A number of prominent scientists have drawn attention to the new and suddenly more imperfect understanding of reality which has been forcibly enjoined on us. Nobel laureate Christian de Duve, for instance, memorably described how physicists have been driven into such weird territories by their explorations that they are now far ahead of the most imaginative science fiction writers in the kind of cosmological scenarios they can envisage.2 After advances in quantum mechanics with its (only) probabilistic laws, Niels Bohr and others claimed that it was necessary to revisit causality and even reality itself. Fritjof Capra made the startling claim that modern science and Oriental mysticism offered parallel insights into mankind’s relationship with the world,3 and Leif Jensen has made a similar claim for the ancient Indian Vedic philosophy.4 In a comparable vein, early 20th century British scientist Sir Arthur Eddington claimed that religion became possible for a reasonable person in the year 1927 — the significance of that date being of course that it was the year of the widespread promulgation of the Uncertainty Principle which essentially announced that “all bets are off” with regard to mankind’s erstwhile claims to be able to perfectly understand and master Nature.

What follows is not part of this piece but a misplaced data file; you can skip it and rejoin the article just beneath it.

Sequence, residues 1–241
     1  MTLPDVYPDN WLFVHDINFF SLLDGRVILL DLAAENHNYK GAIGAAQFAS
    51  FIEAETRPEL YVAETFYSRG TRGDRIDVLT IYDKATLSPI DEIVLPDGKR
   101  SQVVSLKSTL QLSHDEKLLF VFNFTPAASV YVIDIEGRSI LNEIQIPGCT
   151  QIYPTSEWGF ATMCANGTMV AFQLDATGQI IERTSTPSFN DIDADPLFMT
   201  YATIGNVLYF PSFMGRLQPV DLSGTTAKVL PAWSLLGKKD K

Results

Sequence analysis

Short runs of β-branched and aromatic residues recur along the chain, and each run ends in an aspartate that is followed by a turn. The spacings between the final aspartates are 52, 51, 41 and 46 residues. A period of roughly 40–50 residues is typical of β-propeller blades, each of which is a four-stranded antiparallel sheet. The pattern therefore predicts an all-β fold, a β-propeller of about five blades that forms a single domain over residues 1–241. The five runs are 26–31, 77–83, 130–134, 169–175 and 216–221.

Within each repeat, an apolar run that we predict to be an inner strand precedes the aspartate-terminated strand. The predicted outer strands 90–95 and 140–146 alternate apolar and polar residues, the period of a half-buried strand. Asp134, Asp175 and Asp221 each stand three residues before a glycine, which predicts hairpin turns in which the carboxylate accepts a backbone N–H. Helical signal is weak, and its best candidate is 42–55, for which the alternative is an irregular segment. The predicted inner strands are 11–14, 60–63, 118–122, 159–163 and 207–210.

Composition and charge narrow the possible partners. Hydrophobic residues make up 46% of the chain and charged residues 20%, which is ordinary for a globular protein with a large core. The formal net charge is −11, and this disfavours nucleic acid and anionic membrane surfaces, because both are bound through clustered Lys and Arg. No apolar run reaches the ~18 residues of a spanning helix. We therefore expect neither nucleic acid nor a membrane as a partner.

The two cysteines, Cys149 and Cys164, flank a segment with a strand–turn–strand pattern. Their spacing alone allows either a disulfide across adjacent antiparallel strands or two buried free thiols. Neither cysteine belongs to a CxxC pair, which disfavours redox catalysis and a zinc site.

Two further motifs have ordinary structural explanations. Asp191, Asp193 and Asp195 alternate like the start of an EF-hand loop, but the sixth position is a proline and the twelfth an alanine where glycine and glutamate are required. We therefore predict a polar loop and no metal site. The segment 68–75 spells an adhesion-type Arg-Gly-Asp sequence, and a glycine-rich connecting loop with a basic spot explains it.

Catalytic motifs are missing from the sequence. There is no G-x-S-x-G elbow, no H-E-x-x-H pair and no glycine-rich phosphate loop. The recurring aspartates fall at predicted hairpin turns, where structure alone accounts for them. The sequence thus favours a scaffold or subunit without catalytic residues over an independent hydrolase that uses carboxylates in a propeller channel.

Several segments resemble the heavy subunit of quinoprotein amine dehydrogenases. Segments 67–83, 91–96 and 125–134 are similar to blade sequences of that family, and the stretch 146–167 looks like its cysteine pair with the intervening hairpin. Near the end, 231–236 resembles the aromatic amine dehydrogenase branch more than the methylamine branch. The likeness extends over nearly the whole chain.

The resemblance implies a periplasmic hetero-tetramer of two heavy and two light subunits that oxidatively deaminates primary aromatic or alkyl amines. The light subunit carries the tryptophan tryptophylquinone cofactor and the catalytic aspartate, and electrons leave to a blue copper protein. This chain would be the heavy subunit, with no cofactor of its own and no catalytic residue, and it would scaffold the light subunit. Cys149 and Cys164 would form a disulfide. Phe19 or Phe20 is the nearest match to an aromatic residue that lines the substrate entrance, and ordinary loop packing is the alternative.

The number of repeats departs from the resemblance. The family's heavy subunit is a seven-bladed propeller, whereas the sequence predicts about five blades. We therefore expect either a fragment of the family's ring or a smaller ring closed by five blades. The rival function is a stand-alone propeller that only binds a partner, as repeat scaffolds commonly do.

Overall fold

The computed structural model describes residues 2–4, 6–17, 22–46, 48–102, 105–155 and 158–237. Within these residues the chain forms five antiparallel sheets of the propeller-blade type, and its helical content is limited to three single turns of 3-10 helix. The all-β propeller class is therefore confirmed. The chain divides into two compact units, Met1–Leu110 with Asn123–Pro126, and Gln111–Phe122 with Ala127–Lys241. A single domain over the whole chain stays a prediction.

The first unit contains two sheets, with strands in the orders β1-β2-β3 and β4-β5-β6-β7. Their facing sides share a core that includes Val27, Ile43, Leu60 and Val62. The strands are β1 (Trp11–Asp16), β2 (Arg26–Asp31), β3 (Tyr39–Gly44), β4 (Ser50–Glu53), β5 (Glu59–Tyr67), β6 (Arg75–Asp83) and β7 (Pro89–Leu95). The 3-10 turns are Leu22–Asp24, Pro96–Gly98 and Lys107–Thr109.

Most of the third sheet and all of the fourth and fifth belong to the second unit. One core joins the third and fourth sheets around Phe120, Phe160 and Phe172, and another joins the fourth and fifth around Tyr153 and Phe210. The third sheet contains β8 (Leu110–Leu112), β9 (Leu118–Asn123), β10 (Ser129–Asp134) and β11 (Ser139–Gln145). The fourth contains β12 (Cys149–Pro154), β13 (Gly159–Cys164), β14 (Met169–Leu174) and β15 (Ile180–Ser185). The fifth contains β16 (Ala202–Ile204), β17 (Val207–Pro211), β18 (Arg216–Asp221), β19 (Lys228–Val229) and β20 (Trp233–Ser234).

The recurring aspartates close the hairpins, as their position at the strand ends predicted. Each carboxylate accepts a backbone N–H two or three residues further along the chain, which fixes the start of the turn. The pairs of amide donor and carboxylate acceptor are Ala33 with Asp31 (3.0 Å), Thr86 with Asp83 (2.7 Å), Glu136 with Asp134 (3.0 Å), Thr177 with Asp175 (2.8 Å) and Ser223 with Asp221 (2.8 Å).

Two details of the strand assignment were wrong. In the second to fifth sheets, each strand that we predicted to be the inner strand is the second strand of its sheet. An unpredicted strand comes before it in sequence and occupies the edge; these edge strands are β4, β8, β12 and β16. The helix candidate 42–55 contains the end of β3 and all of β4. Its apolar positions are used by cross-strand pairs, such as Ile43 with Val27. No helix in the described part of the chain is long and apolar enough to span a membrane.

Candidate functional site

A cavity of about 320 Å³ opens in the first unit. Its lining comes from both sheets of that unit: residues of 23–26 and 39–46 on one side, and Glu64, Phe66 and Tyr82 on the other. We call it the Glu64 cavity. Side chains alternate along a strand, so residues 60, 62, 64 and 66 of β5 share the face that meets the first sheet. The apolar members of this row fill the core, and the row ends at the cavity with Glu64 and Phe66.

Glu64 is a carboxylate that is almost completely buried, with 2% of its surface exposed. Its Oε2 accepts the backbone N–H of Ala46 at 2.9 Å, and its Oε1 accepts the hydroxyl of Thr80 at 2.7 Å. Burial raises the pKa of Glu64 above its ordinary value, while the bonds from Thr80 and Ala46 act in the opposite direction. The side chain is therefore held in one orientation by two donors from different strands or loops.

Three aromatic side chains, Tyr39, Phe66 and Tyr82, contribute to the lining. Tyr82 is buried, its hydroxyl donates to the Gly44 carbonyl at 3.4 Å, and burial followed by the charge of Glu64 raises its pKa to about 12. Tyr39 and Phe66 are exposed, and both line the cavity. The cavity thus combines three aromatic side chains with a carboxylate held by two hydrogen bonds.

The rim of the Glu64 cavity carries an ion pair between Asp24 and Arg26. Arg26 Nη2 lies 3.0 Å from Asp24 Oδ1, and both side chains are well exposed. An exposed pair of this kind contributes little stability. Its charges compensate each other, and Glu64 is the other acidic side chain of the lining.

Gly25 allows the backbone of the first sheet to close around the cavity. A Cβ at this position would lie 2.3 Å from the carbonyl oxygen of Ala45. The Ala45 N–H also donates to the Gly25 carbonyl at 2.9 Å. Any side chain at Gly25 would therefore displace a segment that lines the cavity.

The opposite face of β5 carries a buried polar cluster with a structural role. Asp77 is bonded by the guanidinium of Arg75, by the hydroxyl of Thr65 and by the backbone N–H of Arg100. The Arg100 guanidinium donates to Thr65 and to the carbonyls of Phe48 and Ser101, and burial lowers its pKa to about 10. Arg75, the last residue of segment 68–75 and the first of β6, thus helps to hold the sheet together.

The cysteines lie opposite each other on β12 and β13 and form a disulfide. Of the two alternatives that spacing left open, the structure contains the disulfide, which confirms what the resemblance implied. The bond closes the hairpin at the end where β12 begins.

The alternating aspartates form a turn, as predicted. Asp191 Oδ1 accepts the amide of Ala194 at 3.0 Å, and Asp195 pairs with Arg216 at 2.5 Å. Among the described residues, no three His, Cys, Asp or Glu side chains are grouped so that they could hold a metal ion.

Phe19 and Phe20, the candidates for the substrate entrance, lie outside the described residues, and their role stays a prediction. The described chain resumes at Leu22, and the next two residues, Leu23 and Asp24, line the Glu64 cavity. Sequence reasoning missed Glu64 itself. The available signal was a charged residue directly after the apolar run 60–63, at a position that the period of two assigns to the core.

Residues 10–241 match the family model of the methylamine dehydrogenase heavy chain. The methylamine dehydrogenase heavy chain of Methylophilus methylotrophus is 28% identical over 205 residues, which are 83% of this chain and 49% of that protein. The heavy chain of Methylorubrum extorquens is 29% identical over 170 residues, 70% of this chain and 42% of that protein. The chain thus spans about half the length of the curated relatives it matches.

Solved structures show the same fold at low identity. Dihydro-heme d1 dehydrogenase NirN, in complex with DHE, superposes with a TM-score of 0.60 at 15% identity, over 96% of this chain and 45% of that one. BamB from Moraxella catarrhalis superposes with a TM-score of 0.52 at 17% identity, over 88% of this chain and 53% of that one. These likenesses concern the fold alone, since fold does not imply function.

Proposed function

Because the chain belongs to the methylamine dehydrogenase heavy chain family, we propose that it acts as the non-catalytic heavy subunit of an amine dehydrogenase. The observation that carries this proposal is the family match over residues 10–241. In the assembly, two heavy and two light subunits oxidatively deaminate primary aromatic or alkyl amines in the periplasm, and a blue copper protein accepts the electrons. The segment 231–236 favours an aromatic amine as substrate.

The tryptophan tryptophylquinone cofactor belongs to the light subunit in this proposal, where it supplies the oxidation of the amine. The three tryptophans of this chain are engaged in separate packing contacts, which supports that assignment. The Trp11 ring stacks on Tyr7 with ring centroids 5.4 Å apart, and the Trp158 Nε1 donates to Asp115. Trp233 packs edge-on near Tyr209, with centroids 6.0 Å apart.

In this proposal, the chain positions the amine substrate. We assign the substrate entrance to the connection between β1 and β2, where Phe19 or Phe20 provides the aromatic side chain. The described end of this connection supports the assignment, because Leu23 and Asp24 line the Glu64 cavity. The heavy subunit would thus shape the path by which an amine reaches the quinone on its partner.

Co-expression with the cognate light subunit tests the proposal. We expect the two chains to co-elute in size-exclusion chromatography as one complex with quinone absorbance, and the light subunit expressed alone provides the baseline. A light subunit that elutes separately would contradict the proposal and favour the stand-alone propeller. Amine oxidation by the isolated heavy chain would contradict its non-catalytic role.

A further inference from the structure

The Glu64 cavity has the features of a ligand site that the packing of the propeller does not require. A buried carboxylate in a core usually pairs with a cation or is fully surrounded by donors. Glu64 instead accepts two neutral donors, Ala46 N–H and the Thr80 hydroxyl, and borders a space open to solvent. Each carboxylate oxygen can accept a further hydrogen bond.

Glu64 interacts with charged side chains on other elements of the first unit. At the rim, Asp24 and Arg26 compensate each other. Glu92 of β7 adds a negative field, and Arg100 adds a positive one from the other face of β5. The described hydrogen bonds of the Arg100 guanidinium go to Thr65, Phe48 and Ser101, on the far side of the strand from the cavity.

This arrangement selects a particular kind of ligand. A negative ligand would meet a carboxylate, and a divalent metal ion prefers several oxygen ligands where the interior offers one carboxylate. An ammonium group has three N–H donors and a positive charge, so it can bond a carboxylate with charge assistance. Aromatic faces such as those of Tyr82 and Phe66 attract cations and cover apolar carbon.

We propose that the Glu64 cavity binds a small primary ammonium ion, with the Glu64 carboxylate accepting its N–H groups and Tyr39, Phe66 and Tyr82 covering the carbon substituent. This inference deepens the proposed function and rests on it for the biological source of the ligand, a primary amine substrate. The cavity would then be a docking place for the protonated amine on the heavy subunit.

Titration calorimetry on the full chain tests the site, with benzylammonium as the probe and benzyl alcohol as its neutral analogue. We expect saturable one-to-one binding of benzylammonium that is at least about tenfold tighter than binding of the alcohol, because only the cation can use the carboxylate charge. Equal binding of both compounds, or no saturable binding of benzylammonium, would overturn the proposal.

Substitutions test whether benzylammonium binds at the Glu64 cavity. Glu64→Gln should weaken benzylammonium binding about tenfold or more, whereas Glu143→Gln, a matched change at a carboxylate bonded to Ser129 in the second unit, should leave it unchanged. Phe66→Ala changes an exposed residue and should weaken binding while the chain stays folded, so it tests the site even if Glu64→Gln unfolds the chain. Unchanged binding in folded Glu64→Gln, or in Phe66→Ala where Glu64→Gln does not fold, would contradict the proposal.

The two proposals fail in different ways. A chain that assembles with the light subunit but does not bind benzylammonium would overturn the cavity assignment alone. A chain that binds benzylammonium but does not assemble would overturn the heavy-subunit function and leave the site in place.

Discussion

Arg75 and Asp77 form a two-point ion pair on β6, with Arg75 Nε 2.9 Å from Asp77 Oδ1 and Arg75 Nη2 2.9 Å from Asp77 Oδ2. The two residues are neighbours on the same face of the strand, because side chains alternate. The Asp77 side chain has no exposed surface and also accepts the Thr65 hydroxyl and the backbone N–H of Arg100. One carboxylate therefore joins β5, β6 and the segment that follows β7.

An Uncompromising Thrust

Such scientific discoveries dealt an uncompromising thrust against the materialist metanarrative which had gone unchallenged in Darwin’s day and for more than four decades following his death. Against the Enlightenment myth of the all-knowing mind with its confident overstatements, postmodernity has brought with it an apprehension that little in life can be regarded as unquestionably given. The radically new understanding we are all enjoined to adjust to and assimilate was described with unequivocal trenchancy by quantum physicist Carlo Rovelli:

Science is a passionate search for always newer ways to conceive the world. Its strength lies not in the certainties it reaches but in radical awareness of the vastness of our ignorance. This awareness allows us to keep questioning our knowledge and thus to continue learning. Therefore the scientific quest for knowledge is not nourished by certainty, it is nourished by a lack of certainty.5

With the advent of this new scientific and cultural awareness has come a distrust of simplistic intellectual nostrums. We are less likely now to accept on trust the siren songs of those promising to deliver to us The Answer on a silver salver.In the quest to explain perennial mysteries, it has been observed, “absolute materialism does not triumph because it cannot fully explain the nature of reality.”6 Life’s most fundamental questions cannot be answered by resorting to the methods of strict methodological naturalism. To pretend that they can provide such answers leads only to a cul-de-sac of misguided scientism.